supports the world, and doth shoulder up the world, whilst it treads on sin and
sinners. Upon a serious view taken of providence on this wise displayed, we may
say as they said of old, "The Lord, he is the God; the Lord he is the God, "1Ki
18:39. Thomas Crane.
Verse 3. We can imagine a monarch, and especially an eastern
monarch, in the plenitude of his power, and the arrogance of his pride, as he
casts his haughty glance over the ensign of his might, saying to himself, "I
bear up the pillars of the earth." But one could never imagine such a thought
arising in the heart, or proceeding from the lips of David or Hezekiah. I know
not who of the sons of Adam, frail and feeble at their best estate, could have
ever said, The earth and all the inhabitants thereof are dissolved: I bear
up the pillars of it. I know of none but him who said, "All power is
given unto me in heaven and in earth, "and who, as he said these words, ascended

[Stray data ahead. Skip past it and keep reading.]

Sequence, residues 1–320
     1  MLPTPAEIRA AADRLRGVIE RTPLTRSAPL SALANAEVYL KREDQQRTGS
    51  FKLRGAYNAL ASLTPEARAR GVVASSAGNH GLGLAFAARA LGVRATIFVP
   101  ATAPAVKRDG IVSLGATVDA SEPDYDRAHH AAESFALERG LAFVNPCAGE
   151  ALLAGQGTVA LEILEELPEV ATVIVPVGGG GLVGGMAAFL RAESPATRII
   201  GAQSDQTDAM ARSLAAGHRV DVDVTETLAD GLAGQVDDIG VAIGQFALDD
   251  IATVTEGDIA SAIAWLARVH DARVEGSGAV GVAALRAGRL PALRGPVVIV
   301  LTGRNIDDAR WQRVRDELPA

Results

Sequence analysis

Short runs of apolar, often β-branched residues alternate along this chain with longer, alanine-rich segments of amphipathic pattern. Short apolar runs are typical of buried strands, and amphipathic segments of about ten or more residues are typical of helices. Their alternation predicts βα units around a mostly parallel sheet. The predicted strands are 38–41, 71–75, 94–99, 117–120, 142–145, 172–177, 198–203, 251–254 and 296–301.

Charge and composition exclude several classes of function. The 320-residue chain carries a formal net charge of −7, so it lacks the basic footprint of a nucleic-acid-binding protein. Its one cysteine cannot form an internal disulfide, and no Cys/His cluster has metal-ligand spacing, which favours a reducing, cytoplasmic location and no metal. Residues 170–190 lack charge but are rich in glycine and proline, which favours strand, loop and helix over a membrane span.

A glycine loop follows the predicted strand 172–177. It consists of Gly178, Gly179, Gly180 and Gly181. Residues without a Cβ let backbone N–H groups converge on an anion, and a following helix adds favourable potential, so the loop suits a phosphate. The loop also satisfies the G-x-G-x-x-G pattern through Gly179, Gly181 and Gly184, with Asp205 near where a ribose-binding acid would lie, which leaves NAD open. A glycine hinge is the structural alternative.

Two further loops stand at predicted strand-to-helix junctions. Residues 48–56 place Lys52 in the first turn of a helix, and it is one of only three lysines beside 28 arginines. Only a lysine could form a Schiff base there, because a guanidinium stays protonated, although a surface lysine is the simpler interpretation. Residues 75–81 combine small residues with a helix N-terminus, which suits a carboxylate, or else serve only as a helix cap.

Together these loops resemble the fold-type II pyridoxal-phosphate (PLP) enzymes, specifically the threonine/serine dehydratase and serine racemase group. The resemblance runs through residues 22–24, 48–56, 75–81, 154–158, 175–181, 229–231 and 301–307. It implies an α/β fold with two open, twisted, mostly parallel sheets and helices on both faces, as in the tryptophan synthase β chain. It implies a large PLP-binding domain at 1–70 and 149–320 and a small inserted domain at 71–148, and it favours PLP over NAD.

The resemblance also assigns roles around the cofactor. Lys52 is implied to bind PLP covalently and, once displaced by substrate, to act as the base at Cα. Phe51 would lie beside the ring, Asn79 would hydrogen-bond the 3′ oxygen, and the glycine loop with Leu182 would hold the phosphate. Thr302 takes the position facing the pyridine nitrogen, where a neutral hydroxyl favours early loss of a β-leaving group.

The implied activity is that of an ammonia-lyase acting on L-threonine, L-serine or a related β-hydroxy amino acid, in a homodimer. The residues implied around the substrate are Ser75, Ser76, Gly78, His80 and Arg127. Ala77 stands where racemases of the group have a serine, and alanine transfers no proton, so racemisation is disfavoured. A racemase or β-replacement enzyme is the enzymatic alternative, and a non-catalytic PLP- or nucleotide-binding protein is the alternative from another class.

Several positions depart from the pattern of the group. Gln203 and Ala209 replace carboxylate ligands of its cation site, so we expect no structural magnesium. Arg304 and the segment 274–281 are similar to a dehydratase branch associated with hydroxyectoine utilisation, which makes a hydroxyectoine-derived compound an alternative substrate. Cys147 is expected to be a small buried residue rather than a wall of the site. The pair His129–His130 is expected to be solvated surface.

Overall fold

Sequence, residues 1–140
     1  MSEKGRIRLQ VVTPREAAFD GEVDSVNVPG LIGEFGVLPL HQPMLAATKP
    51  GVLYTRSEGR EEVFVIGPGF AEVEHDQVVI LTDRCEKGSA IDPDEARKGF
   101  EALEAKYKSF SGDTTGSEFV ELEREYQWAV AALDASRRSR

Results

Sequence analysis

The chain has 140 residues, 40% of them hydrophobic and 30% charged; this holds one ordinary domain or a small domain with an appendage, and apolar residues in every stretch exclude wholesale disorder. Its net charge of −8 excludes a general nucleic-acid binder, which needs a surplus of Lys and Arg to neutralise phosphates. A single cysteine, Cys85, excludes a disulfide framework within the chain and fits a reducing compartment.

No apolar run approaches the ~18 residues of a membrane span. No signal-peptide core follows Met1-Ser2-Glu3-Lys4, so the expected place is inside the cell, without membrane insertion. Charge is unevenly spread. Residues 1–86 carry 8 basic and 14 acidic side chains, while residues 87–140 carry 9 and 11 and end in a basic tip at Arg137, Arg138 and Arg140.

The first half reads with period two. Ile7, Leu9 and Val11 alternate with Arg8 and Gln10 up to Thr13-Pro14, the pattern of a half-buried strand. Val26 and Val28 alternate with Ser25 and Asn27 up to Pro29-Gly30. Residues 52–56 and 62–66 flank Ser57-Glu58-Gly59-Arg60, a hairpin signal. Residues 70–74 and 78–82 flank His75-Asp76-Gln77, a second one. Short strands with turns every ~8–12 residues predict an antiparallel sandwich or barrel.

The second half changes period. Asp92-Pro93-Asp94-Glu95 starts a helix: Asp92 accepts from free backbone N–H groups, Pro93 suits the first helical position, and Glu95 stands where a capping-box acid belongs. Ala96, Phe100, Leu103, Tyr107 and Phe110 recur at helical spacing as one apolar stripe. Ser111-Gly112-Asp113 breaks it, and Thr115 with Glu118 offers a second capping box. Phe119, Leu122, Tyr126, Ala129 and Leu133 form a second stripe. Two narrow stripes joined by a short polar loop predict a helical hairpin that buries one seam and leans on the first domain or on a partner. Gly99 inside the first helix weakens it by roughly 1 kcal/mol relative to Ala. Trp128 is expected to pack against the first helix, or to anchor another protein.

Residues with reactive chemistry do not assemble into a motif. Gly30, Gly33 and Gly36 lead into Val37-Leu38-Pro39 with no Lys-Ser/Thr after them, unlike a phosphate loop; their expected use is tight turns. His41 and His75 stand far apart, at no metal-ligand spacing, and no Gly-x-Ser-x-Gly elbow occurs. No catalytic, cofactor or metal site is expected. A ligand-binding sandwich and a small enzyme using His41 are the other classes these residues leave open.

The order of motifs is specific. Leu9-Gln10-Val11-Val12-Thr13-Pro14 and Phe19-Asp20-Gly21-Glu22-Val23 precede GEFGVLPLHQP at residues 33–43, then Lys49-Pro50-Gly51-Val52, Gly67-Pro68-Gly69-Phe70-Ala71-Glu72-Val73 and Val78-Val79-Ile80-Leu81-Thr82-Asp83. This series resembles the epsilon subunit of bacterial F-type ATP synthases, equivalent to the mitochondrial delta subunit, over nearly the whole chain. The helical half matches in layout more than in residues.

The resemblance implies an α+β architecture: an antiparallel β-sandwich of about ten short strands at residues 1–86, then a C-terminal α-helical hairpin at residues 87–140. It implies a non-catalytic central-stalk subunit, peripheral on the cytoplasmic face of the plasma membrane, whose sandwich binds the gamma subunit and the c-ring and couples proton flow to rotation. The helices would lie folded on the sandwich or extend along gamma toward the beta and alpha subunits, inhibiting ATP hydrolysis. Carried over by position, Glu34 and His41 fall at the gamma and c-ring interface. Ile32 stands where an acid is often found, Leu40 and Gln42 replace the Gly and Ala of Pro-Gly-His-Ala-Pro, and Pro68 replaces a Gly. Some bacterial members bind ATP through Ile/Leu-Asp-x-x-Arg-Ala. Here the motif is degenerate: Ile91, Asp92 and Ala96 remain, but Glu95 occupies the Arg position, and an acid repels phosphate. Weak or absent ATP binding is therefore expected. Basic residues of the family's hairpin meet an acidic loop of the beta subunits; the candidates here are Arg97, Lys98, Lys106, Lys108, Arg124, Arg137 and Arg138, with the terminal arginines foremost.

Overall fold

up into heaven to exercise that sovereignty, and repair that mighty ruin which
had been wrought on earth when Satan triumphed in Paradise. Barton
Verse 4. Fools. The ungodly are spiritual fools. If one had
a child very beautiful, yet if he were a fool, the parent would have little joy
in him. The Scripture hath dressed the sinner in a fool's coat: and let me tell
you, better be a fool void of reason, than a fool void of grace: this is the
devil's fool. Pr 14:9. Is not he a fool who refuseth a rich portion? God offers
Christ and salvation, but the sinner refuseth this portion: "Israel would none
of me." Ps 81:11. Is not he a fool who prefers an annuity before an inheritance?
Is not he a fool who tends his mortal part, and neglects his angelical part? As
if one should paint the wall of his house, and let the timber rot. Is not he a
fool who will feed the devil with his soul? As that emperor who fed his lion
with a pheasant. Is not he a fool who lays a snare for himself? Pr 1:18. Who
consults his own shame? Hab 2:10. Who loves death? Pr 8:36. Thomas
Verse 5. Horn. The word horn was used in the Hebrew
metaphorically to express either honour, as Ps 112:9 132:18, etc.; or